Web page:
Columnus Metallicus: Heavy Metal For September Reviewed By Kez Whelan

Your guide to the best in brand new metal returns, as Kez Whelan surveys a summer of heavy festivals and reviews new releases by Autopsy, Boris, Sigh and many more


Despite the sun’s best efforts to incinerate us, we had a pretty good festival season this year. For my money, Supersonic is still the UK’s most consistently engaging and surprising festival, and this year’s edition boasted one of their strongest line-ups yet. Saturday was absolutely crushing; kicking off with a drone-doom double-whammy, Nadja showed how serene the genre can be before Bismuth demonstrated the style at its most tortured and harrowing, with bassist/vocalist Tanya Byrne hurling herself shrieking into the crowd amidst a wall of feedback as their cathartic set drew to a close.

Thou were fantastic as always, with newer songs like ‘Into The Marshlands’ and ‘The Changeling Prince’ sounding absolutely monumental – and there wasn’t a stationary head in sight during the heavier version of ‘The Hammer’ (from the acoustic Inconsolable EP). The band harked way back to their first album with a stunning ‘Fucking Chained To The Bottom Of The Ocean’, and even delivered a rendition of ‘Monolith’ from their recent Emma Ruth Rundle collaboration, with new guitarist KC Stafford putting their own spin on Rundle’s vocal line. Aaron Turner pulled double-duty too, leading Pharaoh Overlord through a set of sparkly Kraftwerk-aping synth worship, as he stalked the stage shirtless and howling like a wounded bear. It’s one of those combinations that probably shouldn’t work but somehow does – but it’s Old Man Gloom that really brought the house down, with new songs like ‘Simia Dei’ slotting in seamlessly among classic crushers like ‘Skullstorm’. After ending with a thunderous ‘To Carry The Flame’, Turner’s admission that “it’s been a hard few years – find joy in whatever you can” felt genuinely inspiring.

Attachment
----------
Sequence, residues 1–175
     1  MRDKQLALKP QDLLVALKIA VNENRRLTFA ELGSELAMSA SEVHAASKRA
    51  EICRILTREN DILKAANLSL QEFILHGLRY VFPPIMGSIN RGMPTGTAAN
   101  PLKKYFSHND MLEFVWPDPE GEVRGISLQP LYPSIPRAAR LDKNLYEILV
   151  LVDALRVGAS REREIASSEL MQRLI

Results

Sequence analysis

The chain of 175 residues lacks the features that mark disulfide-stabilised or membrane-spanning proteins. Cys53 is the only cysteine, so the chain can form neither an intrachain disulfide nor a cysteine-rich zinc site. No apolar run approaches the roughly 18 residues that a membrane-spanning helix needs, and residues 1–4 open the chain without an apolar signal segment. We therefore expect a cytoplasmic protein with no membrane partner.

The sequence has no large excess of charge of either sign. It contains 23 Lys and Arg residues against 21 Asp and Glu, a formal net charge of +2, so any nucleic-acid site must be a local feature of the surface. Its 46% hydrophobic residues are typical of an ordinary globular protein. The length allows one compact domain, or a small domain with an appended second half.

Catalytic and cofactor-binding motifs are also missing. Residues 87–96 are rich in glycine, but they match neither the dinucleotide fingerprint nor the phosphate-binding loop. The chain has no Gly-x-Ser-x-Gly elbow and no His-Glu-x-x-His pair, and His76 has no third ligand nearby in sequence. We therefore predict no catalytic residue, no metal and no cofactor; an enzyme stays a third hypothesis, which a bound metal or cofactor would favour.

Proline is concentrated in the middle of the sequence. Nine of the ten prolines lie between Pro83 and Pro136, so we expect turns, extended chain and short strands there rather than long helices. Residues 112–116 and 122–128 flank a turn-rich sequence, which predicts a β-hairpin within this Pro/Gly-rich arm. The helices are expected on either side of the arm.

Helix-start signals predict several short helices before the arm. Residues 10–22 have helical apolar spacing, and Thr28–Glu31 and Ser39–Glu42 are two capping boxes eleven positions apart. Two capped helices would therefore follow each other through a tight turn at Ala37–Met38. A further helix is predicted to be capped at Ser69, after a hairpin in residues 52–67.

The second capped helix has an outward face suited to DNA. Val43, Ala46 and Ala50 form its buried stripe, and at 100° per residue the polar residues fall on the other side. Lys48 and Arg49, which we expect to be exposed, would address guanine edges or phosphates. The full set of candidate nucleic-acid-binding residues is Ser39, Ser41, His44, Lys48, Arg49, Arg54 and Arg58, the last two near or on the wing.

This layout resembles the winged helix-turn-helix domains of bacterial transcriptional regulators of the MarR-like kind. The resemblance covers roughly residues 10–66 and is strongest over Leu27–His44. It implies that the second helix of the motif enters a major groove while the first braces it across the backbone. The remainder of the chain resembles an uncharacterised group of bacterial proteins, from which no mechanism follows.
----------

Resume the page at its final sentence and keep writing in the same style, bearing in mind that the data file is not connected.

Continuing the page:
The UK’s open air fests certainly weren’t slacking this year either. It was an absolute joy to witness Mercyful Fate blasting through a set of bona fide classics at Bloodstock. With the exception of a new and surprisingly doomy ten-minute song called ‘The Jackal Of Salzburg’ (which bodes extremely well for their upcoming album), the set was culled entirely from their first two albums and eponymous 1982 EP, with King Diamond’s soaring falsetto sounding just as vibrant, eerie and powerful as it did back then.

As for the rest of the weekend, Inhuman Nature ably demonstrated why they’re being hailed as one of the UK’s best new thrash acts, Venom Inc. blasted through the entirety of the Black Metal album under blistering sun with Nick Barker pounding the kit, and Eyehategod seemed to have fully settled into their new single guitar line-up. Whilst their sound definitely isn’t as thick without Brian Patton’s extra riffing weight, the now-quartet still sounded incredible, with a ferocious punky energy that really emphasised their Black Flag influence. Pupil Slicer’s calls for unity and inclusiveness amidst their dizzying, grinding mathcore felt especially heartening on the Sophie Stage, whilst Killing Joke’s late Sunday placement proved to be a genius bit of booking – after three days of drinking heavily in the heat, the band’s hypnotic stomp felt particularly shamanic and otherworldly. Beaming from ear to ear throughout, bassist Youth is clearly having the time of his life, contrasting nicely with Jaz Coleman’s intense, quasi-messianic stage presence.